“This is a great program for the entire human resource community as well as our transitioning military and their families. I am very proud to be a part of this exciting initiative in support of those who have unselfishly given so much for our nation,” states, Rhonda Stickley, a six-year U.S. Army veteran and current human resource executive at Seattle-based Providence Health & Services.

Thought Leader Spotlight | Cari Dominguez, Owner and Co-Author

Wednesday, March 16th, 2011

“A person first needs to be given the opportunity to perform.”

Cari Dominguez
Co-Author of Leading with Your Heart and Owner of Dominquez & Associates

If there’s anyone who understands the importance of diversity and inclusion, it’s the architect of the Glass Ceiling Initiative, Cari Dominguez. Upon emigrating from Havana, Cuba, she witnessed from a young age that some things just weren’t “quite right” when it came to the dynamics of the workplace. Those early observations coupled with being a product of the Women’s and Civil Rights Movements fueled her passion of making sure everybody gets a shot at the American Dream.

She has served in roles such as the Chair of the Equal Employment Opportunity Commission (EEOC), Assistant Secretary of Labor and Director of the Office of Federal Contract Compliance Programs (OFCCP). Dominguez co-authored “Leading with Your Heart” and currently owns Dominguez & Associates, a management consulting firm that provides selective services in the areas of workforce assessments and diversity evaluations.

Dominguez spoke at the DirectEmployers Annual Meeting & Conference about these experiences and the meaning of Ganas. I had a chance afterward to uncover more about her unique experiences, discuss the myths in today’s workplace, and learn how she became connected with DirectEmployers Association.

Cari Dominguez at the DirectEmployers Conference

Cari Dominguez teaches the meaning of Ganas.

Cari, can you tell me about yourself and the path you’ve taken to be where you are today?
My name is Cari Dominguez and I’ve led a bit of an eclectic professional career, but all paths have led to the same direction that I’m about to tell you. I started my career as a compliance officer at the United States Department of Labor (US DOL). Then I was recruited by Bank of America and rose through the ranks and became a senior director in the human resources department. I was in charge of the top 200 executives and oversaw executive compensation, succession planning and benefits. Then I was recruited to the DOL by Elizabeth Dole when she was Secretary of Labor. I became Director of the OFCCP and eventually the Assistant Secretary of Labor. When Elizabeth Dole left, Lynn Martin became the new Secretary of Labor and I moved up to become Assistant Secretary. From there, I was recruited to become a partner at two major executive search firms.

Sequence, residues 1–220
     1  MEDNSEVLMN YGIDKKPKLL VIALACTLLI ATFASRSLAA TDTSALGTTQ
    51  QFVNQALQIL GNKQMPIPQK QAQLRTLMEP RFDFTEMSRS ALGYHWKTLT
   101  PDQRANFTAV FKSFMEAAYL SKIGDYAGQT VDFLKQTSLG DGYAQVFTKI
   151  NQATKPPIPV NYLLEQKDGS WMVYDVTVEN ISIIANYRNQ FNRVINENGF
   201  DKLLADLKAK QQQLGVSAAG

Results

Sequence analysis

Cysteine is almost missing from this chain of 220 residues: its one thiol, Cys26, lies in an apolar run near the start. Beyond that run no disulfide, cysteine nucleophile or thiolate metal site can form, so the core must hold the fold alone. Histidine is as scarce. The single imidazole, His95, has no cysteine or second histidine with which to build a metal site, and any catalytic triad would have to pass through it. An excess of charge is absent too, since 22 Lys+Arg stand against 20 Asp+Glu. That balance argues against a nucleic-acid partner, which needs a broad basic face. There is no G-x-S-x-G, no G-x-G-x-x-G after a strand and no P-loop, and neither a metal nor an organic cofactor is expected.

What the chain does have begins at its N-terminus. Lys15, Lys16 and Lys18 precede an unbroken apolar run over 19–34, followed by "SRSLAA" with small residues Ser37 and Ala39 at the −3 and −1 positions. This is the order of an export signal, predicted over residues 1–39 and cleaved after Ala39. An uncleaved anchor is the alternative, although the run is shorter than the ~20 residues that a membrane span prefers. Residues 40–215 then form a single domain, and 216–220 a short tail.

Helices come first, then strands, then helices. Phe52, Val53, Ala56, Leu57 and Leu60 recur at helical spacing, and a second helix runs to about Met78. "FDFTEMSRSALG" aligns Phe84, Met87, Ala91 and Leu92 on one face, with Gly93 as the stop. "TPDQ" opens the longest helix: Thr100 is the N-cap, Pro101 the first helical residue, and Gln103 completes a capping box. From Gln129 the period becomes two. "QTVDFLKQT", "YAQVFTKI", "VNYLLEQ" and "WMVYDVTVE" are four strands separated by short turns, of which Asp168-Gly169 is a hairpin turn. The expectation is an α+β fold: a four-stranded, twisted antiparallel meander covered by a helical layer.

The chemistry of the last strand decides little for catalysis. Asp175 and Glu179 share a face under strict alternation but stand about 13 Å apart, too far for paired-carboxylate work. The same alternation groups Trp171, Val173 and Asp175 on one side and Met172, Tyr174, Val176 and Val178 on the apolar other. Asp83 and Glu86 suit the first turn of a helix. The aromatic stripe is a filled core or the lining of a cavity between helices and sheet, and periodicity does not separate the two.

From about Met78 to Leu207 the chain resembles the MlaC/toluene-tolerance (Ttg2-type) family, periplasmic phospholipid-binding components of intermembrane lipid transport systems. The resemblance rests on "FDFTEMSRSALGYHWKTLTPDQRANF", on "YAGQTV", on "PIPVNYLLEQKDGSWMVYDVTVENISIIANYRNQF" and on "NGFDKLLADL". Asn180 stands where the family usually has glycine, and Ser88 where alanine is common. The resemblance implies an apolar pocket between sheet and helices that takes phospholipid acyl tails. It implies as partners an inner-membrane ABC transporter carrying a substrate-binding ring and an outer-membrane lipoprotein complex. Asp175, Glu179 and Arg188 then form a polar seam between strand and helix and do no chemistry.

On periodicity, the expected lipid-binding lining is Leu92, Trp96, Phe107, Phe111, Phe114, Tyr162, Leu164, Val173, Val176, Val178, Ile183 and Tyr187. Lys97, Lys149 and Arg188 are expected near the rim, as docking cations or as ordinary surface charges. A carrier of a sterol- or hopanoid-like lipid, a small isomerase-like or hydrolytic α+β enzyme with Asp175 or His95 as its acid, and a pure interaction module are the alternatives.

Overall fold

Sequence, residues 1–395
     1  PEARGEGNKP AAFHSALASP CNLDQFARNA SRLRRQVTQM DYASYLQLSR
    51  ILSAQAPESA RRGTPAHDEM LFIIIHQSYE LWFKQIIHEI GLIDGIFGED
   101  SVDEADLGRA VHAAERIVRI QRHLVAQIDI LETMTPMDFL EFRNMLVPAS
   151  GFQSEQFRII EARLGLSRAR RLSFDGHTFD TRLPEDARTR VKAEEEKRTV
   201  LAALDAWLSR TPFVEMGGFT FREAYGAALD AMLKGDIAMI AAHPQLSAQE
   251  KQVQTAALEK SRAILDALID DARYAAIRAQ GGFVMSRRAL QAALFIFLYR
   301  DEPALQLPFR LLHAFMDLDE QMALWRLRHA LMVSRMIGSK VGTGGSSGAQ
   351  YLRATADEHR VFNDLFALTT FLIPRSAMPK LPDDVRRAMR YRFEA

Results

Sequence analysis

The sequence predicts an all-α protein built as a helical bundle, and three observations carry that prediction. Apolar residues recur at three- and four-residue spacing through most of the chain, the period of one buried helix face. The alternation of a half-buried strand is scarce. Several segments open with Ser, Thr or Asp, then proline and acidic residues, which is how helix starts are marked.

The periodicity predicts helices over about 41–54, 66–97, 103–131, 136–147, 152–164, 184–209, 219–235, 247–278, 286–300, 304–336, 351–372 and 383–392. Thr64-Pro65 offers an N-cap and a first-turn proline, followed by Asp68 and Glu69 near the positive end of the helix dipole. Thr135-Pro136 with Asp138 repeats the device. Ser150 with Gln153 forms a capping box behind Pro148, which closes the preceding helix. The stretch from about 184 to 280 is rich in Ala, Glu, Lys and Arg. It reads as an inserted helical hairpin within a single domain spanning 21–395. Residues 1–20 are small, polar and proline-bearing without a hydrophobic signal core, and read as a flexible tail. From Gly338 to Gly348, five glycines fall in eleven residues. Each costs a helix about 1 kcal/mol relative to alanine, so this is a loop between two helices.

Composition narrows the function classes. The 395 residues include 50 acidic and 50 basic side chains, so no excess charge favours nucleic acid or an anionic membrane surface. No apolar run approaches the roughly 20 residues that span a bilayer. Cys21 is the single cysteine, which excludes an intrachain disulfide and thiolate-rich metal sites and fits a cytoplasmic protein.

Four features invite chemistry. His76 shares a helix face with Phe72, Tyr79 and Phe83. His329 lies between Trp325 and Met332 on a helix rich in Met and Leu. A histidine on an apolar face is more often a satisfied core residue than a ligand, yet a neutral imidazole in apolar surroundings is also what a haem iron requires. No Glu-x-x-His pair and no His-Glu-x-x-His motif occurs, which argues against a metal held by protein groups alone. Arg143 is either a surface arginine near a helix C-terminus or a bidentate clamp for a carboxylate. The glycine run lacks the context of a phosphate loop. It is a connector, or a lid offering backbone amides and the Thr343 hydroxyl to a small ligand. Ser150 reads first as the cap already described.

When I was Director of OFCCP, one of the things I kept hearing from a number of employers was they couldn’t find talented women or people of color that could fit their jobs. So I thought I could put my trusty Rolodex – back then it was a Rolodex – to work and said, “I can find a lot of these people for you.” That’s how I became a partner in two executive search firms.

I continued to do a little consulting after that. Then elections came around again and I believe, because of my experience at the OFCCP, I was asked by the President to come to EEOC and become the Chair of that commission. So, I actually have the unique perspective of having sat in the two most important civil rights employment agencies in the federal government, as Director and as Chair.

Currently I’m doing a little bit of everything. I am principal with Dominguez and Associates, serve on three corporate boards, consult, and do a lot of pro-bono work helping mentor the new generation of workers.

Fascinating. As a little girl, when thinking about what you wanted to do when you grew up, did you imagine this? How did you get into this business?
It was interesting. My family emigrated from Havana, Cuba when I was a little girl, but my father was separated from us for 6 years because he was not allowed to leave. My brother was of military age at the time so he had to wait and came over a year later. So, my goal in life was to be a Foreign Service officer. I figured I could go into the Foreign Service and fix the problems of the world through diplomacy.